Clifford Geertz is one of the foremost figures in the reconfiguration of the boundary between the social sciences and the humanities in the second half of the twentieth century. Expanding the power and complexity of the anthropological concept of culture, his work is both foundational to, and in critical counterpoint with, that vast interdisciplinary spectrum of scholarship known today as "cultural studies." This book brings together seven leading scholars from four disciplines to take a fresh look at Geertz's work, and to consider the continuing implications of his work in the contemporary context.
Framed by an important introduction by anthropologist Sherry B. Ortner, the articles cover such topics as seventeenth-century English ghosts, Jewish merchants in early capitalism, Egyptian women in the age of television, and the role of Sherpas in Himalayan mountaineering, as well as such methodological issues as the place of emotional empathy and "complicity" in ethnographic fieldwork, and the mutual illumination of culture and history.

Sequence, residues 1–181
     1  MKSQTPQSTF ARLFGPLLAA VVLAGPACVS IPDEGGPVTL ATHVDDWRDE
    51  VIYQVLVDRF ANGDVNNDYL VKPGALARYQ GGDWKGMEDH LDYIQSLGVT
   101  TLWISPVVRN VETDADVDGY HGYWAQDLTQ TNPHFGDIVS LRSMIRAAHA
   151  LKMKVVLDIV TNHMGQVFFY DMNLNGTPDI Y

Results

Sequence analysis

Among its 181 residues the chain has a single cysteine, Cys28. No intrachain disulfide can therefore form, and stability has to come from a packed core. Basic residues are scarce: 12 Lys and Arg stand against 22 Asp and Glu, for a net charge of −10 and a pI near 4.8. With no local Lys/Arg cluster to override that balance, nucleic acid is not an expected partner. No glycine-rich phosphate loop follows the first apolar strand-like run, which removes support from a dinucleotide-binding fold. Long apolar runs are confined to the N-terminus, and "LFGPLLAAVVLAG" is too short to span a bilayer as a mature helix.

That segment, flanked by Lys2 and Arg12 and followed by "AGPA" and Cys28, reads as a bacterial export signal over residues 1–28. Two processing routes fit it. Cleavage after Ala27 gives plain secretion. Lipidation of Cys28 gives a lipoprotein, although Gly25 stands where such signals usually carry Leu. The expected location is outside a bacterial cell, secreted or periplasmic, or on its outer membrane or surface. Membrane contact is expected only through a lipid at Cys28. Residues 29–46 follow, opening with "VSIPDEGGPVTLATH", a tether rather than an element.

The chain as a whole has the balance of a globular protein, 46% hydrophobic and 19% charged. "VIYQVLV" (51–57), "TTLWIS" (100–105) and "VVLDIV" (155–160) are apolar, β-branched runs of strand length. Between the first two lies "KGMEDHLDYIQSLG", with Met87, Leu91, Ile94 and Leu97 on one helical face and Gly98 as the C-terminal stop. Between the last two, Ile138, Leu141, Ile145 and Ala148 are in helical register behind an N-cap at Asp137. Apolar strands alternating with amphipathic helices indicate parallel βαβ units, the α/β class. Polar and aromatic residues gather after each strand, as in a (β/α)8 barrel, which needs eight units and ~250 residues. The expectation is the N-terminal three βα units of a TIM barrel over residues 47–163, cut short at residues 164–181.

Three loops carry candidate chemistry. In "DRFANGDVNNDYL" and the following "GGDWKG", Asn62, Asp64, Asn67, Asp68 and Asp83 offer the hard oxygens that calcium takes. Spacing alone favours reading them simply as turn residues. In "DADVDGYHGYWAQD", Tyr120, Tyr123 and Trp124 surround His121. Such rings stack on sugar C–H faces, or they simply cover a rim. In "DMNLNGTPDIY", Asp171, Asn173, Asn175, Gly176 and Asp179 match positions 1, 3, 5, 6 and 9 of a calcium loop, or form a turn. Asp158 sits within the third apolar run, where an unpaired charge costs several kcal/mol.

Lila Abu-Lughod, Natalie Zemon Davis, Stephen Greenblatt, George E. Marcus, Sherry B. Ortner, Renato I. Rosaldo, William H. Sewell Jr.
Sherry B. Ortner is Professor of Anthropology at Columbia University and is currently completing her third book on the Sherpas of Nepal, Life and Death on Mount Everest: Sherpas and Himalayan Mountaineering.